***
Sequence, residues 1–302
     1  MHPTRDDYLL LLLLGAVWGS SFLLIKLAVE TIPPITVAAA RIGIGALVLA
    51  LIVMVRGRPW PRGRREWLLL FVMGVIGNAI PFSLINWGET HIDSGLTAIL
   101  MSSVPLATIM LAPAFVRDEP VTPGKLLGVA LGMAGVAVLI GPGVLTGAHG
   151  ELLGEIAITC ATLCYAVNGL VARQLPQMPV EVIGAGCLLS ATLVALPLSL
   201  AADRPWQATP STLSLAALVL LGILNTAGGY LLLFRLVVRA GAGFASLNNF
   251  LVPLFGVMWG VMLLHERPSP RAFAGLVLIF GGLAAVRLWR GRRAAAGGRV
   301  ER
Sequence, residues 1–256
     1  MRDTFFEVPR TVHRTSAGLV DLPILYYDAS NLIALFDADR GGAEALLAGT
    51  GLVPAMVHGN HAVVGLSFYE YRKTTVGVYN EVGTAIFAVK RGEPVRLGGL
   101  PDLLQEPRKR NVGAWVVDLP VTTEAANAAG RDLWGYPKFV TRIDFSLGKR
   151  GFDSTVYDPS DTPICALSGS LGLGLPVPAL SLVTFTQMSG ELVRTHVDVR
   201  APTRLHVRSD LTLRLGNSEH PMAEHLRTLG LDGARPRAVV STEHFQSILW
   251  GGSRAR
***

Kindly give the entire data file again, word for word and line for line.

Sequence, residues 1–302
     1  MHPTRDDYLL LLLLGAVWGS SFLLIKLAVE TIPPITVAAA RIGIGALVLA
    51  LIVMVRGRPW PRGRREWLLL FVMGVIGNAI PFSLINWGET HIDSGLTAIL
   101  MSSVPLATIM LAPAFVRDEP VTPGKLLGVA LGMAGVAVLI GPGVLTGAHG
   151  ELLGEIAITC ATLCYAVNGL VARQLPQMPV EVIGAGCLLS ATLVALPLSL
   201  AADRPWQATP STLSLAALVL LGILNTAGGY LLLFRLVVRA GAGFASLNNF
   251  LVPLFGVMWG VMLLHERPSP RAFAGLVLIF GGLAAVRLWR GRRAAAGGRV
   301  ER
Sequence, residues 1–256
     1  MRDTFFEVPR TVHRTSAGLV DLPILYYDAS NLIALFDADR GGAEALLAGT
    51  GLVPAMVHGN HAVVGLSFYE YRKTTVGVYN EVGTAIFAVK RGEPVRLGGL
   101  PDLLQEPRKR NVGAWVVDLP VTTEAANAAG RDLWGYPKFV TRIDFSLGKR
   151  GFDSTVYDPS DTPICALSGS LGLGLPVPAL SLVTFTQMSG ELVRTHVDVR
   201  APTRLHVRSD LTLRLGNSEH PMAEHLRTLG LDGARPRAVV STEHFQSILW
   251  GGSRAR